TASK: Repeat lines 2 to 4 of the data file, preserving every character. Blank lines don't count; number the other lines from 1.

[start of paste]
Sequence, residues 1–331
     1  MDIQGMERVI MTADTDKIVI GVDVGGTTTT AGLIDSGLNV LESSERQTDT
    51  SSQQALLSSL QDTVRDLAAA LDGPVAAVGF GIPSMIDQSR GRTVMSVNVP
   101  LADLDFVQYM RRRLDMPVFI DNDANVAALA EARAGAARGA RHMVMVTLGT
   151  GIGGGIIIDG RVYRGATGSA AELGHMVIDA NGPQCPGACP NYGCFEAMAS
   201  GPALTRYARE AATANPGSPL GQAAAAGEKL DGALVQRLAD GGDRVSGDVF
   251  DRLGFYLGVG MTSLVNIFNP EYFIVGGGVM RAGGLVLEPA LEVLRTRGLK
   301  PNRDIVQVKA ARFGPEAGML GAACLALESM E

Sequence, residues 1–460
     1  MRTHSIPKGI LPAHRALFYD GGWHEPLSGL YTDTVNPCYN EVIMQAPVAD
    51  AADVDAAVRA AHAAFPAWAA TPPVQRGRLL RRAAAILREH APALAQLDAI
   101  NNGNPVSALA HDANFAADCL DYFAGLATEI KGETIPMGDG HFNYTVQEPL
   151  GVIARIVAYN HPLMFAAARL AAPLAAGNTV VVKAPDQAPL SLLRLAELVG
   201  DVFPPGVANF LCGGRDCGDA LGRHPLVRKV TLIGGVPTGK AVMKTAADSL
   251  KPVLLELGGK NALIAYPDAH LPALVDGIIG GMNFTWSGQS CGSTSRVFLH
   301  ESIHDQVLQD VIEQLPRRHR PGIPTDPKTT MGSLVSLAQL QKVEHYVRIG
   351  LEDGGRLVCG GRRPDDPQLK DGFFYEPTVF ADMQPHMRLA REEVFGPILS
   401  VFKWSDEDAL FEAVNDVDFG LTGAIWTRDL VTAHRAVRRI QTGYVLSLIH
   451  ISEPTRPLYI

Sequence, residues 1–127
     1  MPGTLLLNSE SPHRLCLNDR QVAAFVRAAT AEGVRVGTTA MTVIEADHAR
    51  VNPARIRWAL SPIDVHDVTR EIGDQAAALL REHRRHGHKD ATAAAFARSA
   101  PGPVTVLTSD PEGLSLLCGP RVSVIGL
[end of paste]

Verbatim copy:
     1  MDIQGMERVI MTADTDKIVI GVDVGGTTTT AGLIDSGLNV LESSERQTDT
    51  SSQQALLSSL QDTVRDLAAA LDGPVAAVGF GIPSMIDQSR GRTVMSVNVP
   101  LADLDFVQYM RRRLDMPVFI DNDANVAALA EARAGAARGA RHMVMVTLGT